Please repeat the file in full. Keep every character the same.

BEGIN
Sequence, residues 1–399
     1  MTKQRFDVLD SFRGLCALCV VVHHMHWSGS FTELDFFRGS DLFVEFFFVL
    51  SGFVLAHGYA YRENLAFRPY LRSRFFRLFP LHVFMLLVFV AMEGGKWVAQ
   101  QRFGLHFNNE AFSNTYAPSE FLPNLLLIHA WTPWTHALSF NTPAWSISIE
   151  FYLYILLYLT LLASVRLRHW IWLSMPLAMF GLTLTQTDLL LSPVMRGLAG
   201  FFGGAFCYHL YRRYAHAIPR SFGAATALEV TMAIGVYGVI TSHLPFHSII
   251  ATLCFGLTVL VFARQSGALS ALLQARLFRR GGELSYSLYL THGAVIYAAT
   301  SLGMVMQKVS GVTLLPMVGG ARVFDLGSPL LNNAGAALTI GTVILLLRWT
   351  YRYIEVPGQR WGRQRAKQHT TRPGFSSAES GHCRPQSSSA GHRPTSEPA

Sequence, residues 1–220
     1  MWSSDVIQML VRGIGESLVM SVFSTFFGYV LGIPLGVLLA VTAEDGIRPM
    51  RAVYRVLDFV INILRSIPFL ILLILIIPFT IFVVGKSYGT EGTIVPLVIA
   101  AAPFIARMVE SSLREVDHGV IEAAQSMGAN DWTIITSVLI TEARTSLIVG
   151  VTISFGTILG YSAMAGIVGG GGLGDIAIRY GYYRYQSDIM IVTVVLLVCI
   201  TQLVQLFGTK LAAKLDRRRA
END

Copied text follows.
Sequence, residues 1–399
     1  MTKQRFDVLD SFRGLCALCV VVHHMHWSGS FTELDFFRGS DLFVEFFFVL
    51  SGFVLAHGYA YRENLAFRPY LRSRFFRLFP LHVFMLLVFV AMEGGKWVAQ
   101  QRFGLHFNNE AFSNTYAPSE FLPNLLLIHA WTPWTHALSF NTPAWSISIE
   151  FYLYILLYLT LLASVRLRHW IWLSMPLAMF GLTLTQTDLL LSPVMRGLAG
   201  FFGGAFCYHL YRRYAHAIPR SFGAATALEV TMAIGVYGVI TSHLPFHSII
   251  ATLCFGLTVL VFARQSGALS ALLQARLFRR GGELSYSLYL THGAVIYAAT
   301  SLGMVMQKVS GVTLLPMVGG ARVFDLGSPL LNNAGAALTI GTVILLLRWT
   351  YRYIEVPGQR WGRQRAKQHT TRPGFSSAES GHCRPQSSSA GHRPTSEPA

Sequence, residues 1–220
     1  MWSSDVIQML VRGIGESLVM SVFSTFFGYV LGIPLGVLLA VTAEDGIRPM
    51  RAVYRVLDFV INILRSIPFL ILLILIIPFT IFVVGKSYGT EGTIVPLVIA
   101  AAPFIARMVE SSLREVDHGV IEAAQSMGAN DWTIITSVLI TEARTSLIVG
   151  VTISFGTILG YSAMAGIVGG GGLGDIAIRY GYYRYQSDIM IVTVVLLVCI
   201  TQLVQLFGTK LAAKLDRRRA